Routines and rules may be different in each home.

Parents who resolve their differences and agree on a set of rules and routines in both homes, provide the most stability for their child.

Meaningful rituals may protect children from the disruptions associated with divorce.

Slide12

Emotional Investments

Repeated family gatherings offer the opportunity to create strong emotional bonds.

Dinnertime conversations

Single Parents- more social interaction with children.

Married Parents- spend 25% of mealtime talking to each other

Routine gatherings form the foundation for rituals that are built on emotional connections.

Slide13

Family Transactions and Routines

Parent must adjust routines and rituals to particular child.

The child contributes to the regulation of family life.

It takes time to develop routines.

A pattern or routine that works for one child may not work for another child.

Dynamic

interplay of the individual characteristics of the children and the parents that form the collective routines of family life.

Slide14

Regular sleep cycle

Biological Rhythms Heart Beat

Worry & Concern Parent Style Observant

Calmed by back rub

Establish back rub routine

Settled to sleep

Parent feels confident

Parent

Child

Transaction Model Example

Slide15

Social skill impairment

Feeding difficulty

Intrusive interaction style

Disengage and food refusal

Persistence and coaxing

Tantrum

Gives up routine

Parent

Child

Transaction Model Example

Slide16

Mechanism of Effect

Three mechanism of effect are associated with the creation of predictable routines.

Parental efficacy

Behavior monitoring

Coherence of family

relationships

Predictable and regular routines mediate the effects of parental efficacy on positive child outcomes

Slide17

Parental Efficacy

Important for families with young children.

Mothers of infants felt more competent with their parenting role if they reported regular household routines.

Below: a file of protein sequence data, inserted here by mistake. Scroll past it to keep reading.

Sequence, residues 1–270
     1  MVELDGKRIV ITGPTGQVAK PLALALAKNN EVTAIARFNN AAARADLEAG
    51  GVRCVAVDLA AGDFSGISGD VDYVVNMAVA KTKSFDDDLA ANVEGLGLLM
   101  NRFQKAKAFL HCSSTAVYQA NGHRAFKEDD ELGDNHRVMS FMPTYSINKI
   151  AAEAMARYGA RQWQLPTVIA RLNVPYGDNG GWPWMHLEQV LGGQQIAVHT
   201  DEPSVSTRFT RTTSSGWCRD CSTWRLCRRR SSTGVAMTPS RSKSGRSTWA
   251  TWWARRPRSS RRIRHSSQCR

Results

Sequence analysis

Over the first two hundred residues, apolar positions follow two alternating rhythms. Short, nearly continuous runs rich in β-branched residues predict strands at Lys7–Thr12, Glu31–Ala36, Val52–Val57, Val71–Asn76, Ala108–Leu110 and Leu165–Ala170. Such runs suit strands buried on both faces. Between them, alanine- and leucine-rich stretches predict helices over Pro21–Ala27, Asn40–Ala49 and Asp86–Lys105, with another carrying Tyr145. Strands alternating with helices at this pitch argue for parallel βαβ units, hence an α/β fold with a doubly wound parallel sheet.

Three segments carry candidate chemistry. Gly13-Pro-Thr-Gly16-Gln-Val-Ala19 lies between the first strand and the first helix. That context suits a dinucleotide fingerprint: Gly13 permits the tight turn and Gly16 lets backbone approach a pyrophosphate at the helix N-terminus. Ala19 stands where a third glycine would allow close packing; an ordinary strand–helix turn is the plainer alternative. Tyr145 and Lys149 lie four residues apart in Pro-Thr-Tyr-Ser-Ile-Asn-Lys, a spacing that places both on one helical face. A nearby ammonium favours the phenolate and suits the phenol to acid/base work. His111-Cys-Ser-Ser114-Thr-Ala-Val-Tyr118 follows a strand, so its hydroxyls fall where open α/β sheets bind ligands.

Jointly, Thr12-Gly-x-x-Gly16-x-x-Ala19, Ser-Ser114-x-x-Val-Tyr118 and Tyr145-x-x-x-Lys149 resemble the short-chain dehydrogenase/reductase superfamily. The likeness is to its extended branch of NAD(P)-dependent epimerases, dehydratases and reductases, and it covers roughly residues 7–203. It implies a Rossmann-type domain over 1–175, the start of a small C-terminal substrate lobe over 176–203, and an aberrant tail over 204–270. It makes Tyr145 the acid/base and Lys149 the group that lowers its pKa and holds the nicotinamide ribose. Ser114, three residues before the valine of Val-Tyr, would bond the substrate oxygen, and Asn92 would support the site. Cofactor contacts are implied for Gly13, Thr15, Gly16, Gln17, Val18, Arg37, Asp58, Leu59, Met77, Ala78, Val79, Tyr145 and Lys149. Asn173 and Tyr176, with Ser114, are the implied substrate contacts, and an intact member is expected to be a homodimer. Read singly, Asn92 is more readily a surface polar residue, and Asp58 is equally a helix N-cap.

Parents who engage in more daily caregiving routines

M

ore comfortable with the tasks

Greater sense of accomplishment

Routines more likely to continue over time

Slide18

Behavior Monitoring

Monitoring is an important part of family routines

More active monitoring decreases risky behaviors in children

Parents who feel competent in carrying out routines may be better equipped to track their children’s activities.

Slide19

Coherence and Family Relationships

The symbolic nature of family rituals and the emotional connections that are made over time.

Adaptive family functioning-rituals promote forming trustworthy and reliable relationships

Ritual Meaning Quality of Life

Slide20

Assessment for young children

Questionnaires

Advantages

Time and cost efficient

Stronger psychometrics

Comparisons across groups

Direct Observations

Observational methods can involve direct or videotaped observations of families carrying out daily routines.

Interviews

Families can clarify and expand on meaning of practices

Track across generations

Disadvantages

Not as useful for interventions

Slide21

Interventions

Remediation

Changes the way the child behaves toward the parent.

Redefinition

Changes the way the parent interprets the child’s behavior.

Reeducation

Changes the way the parent acts with the child through increased knowledge.

Slide22

Conclusion

Families

can identify activities that they regularly engage in, look forward to, and would miss if not regularly practiced as a group.

Routines and rituals ease transitions and foster a sense of autonomy while maintaining connections with the family.

Slide23

Crash in the Andes

The survivors became a family

Routines

Assigned tasks

Food Rationing

Sleep Assignments and Rotation

Rituals

Nightly Rosary

Slide24